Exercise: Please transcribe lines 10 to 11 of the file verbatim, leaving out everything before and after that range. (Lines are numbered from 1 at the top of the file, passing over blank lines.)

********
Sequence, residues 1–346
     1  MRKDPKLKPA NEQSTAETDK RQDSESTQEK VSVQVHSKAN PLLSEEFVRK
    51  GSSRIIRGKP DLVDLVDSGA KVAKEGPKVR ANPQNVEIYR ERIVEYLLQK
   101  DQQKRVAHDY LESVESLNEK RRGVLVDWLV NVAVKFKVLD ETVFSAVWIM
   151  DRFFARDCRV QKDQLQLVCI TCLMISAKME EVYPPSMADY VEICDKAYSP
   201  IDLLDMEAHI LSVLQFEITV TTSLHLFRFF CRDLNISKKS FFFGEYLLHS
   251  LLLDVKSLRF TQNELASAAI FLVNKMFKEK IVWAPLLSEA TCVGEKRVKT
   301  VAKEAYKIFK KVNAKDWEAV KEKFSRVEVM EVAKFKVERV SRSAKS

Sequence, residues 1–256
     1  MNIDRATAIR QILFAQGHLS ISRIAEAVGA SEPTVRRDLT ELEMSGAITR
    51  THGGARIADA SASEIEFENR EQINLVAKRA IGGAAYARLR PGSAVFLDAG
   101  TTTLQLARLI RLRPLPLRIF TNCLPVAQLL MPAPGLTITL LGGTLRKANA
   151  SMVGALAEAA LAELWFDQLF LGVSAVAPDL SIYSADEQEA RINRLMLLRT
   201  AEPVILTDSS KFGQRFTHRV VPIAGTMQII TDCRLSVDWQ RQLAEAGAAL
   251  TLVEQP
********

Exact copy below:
     1  MNIDRATAIR QILFAQGHLS ISRIAEAVGA SEPTVRRDLT ELEMSGAITR
    51  THGGARIADA SASEIEFENR EQINLVAKRA IGGAAYARLR PGSAVFLDAG